215. Jacobi, S.K.; Yatsunenko, T.; Li, D.; Dasgupta, S.; Yu, R.K.; Berg, B.M.; Chichlowski, M.; Odle, J. Dietary Isomers of Sialyllactose Increase Ganglioside Sialic Acid Concentrations in the Corpus Callosum and Cerebellum and Modulate the Colonic Microbiota of Formula-Fed Piglets. J. Nutr. 2016, 146, 200–208. [Google Scholar] [CrossRef] [PubMed][Green Version]
  216. Obelitz-Ryom, K.; Bering, S.B.; Overgaard, S.H.; Eskildsen, S.F.; Ringgaard, S.; Olesen, J.L.; Skovgaard, K.; Pankratova, S.; Wang, B.; Brunse, A.; et al. Bovine Milk Oligosaccharides with Sialyllactose Improves Cognition in Preterm Pigs. Nutrients 2019, 11, 1335. [Google Scholar] [CrossRef] [PubMed][Green Version]
  217. Mudd, A.T.; Fleming, S.A.; Labhart, B.; Chichlowski, M.; Berg, B.M.; Donovan, S.M.; Dilger, R.N. Dietary Sialyllactose Influences Sialic Acid Concentrations in the Prefrontal Cortex and Magnetic Resonance Imaging Measures in Corpus Callosum of Young Pigs. Nutrients 2017, 9, 1297. [Google Scholar] [CrossRef][Green Version]
  218. Oliveros, E.; Vázquez, E.; Barranco, A.; Ramirez, M.; Gruart, A.; Delgado-García, J.M.; Buck, R.; Rueda, R.; Martín, M.J. Sialic Acid and Sialylated Oligosaccharide Supplementation during Lactation Improves Learning and Memory in Rats. Nutrients 2018, 10, 1519. [Google Scholar] [CrossRef][Green Version]
  219. Charbonneau, M.R.; O’Donnell, D.; Blanton, L.V.; Totten, S.M.; Davis, J.C.C.; Barratt, M.J.; Cheng, J.; Guruge, J.; Talcott, M.; Bain, J.R.; et al. Sialylated Milk Oligosaccharides Promote Microbiota-Dependent Growth in Models of Infant Undernutrition. Cell 2016, 164, 859–871. [Google Scholar] [CrossRef][Green Version]
  220. Tarr, A.J.; Galley, J.D.; Fisher, S.E.; Chichlowski, M.; Berg, B.M.; Bailey, M.T. The prebiotics 3′Sialyllactose and 6′Sialyllactose diminish stressor-induced anxiety-like behavior and colonic microbiota alterations: Evidence for effects on the gut–brain axis. Brain Behav. Immun. 2015, 50, 166–177. [Google Scholar] [CrossRef][Green Version]
  221. Roger, L.C.; Costabile, A.; Holland, D.T.; Hoyles, L.; McCartney, A.L. Examination of faecal Bifidobacterium populations in breast- and formula-fed infants during the first 18 months of life. Microbiology 2010, 156, 3329–3341. [Google Scholar] [CrossRef][Green Version]
  222. Soto, A.; Martín, V.; Jiménez, E.; Mader, I.; Rodríguez, J.M.; Fernández, L. Lactobacilli and Bifidobacteria in Human Breast Milk: Influence of Antibiotherapy and Other Host and Clinical Factors. J. Pediatr. Gastroenterol. Nutr. 2014, 59, 78–88. [Google Scholar] [CrossRef] [PubMed][Green Version]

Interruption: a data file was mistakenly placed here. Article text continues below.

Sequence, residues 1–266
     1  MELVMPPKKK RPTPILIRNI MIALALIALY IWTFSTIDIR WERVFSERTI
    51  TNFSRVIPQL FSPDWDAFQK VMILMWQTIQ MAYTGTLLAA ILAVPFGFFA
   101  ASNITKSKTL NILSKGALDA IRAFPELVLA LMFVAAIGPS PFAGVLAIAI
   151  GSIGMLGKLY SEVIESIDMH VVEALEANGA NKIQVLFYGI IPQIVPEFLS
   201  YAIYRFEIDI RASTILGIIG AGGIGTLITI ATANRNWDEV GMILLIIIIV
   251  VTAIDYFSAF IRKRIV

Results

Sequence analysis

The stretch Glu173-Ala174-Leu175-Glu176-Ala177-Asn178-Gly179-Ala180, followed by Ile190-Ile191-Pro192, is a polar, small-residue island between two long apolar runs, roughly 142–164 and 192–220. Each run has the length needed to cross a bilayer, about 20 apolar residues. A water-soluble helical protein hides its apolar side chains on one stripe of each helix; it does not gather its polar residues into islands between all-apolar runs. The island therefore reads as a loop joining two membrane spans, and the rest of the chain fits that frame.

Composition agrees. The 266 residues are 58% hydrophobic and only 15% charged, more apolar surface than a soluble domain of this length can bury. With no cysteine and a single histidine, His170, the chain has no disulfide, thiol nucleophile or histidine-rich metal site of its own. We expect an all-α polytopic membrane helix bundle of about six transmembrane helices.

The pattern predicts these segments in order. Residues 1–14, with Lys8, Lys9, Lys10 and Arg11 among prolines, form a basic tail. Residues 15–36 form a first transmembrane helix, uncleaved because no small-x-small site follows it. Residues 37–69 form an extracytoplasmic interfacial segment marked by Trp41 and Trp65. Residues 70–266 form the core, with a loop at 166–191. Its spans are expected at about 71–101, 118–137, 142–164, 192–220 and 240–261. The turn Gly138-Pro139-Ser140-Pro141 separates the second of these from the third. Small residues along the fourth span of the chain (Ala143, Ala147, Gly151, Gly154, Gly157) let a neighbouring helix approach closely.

223. Stewart, C.J.; Ajami, N.J.; O’Brien, J.L.; Hutchinson, D.S.; Smith, D.; Wong, M.C.; Ross, M.C.; Lloyd, R.E.; Doddapaneni, H.; Metcalf, G.A.; et al. Temporal development of the gut microbiome in early childhood from the TEDDY study. Nat. Cell Biol. 2018, 562, 583–588. [Google Scholar] [CrossRef] [PubMed]
  224. Ma, J.; Li, Z.; Zhang, W.; Zhang, C.; Zhang, Y.; Mei, H.; Zhuo, N.; Wang, H.; Wang, L.; Wu, D. Comparison of gut microbiota in exclusively breast-fed and formula-fed babies: A study of 91 term infants. Sci. Rep. 2020, 10, 15792. [Google Scholar] [CrossRef]
  225. Hunt, K.M.; Foster, J.A.; Forney, L.J.; Schütte, U.M.E.; Beck, D.L.; Abdo, Z.; Fox, L.K.; Williams, J.E.; McGuire, M.K.; McGuire, M.A. Characterization of the Diversity and Temporal Stability of Bacterial Communities in Human Milk. PLoS ONE 2011, 6, e21313. [Google Scholar] [CrossRef] [PubMed][Green Version]
  226. Geddes, D.T.; Kent, J.C.; Owens, R.A.; Hartmann, P.E. Ultrasound Imaging of Milk Ejection in the Breast of Lactating Women. Pediatrics 2004, 113, 361–367. [Google Scholar] [CrossRef]
  227. Perez, P.F.; Doré, J.; Leclerc, M.; Levenez, F.; Benyacoub, J.; Serrant, P.; Segura-Roggero, I.; Schiffrin, E.J.; Donnet-Hughes, A. Bacterial Imprinting of the Neonatal Immune System: Lessons From Maternal Cells? Pediatr. 2007, 119, e724–e732. [Google Scholar] [CrossRef]
  228. Donnet-Hughes, A.; Perez, P.F.; Doré, J.; Leclerc, M.; Levenez, F.; Benyacoub, J.; Serrant, P.; Segura-Roggero, I.; Schiffrin, E.J. Potential role of the intestinal microbiota of the mother in neonatal immune education. Proc. Nutr. Soc. 2010, 69, 407–415. [Google Scholar] [CrossRef][Green Version]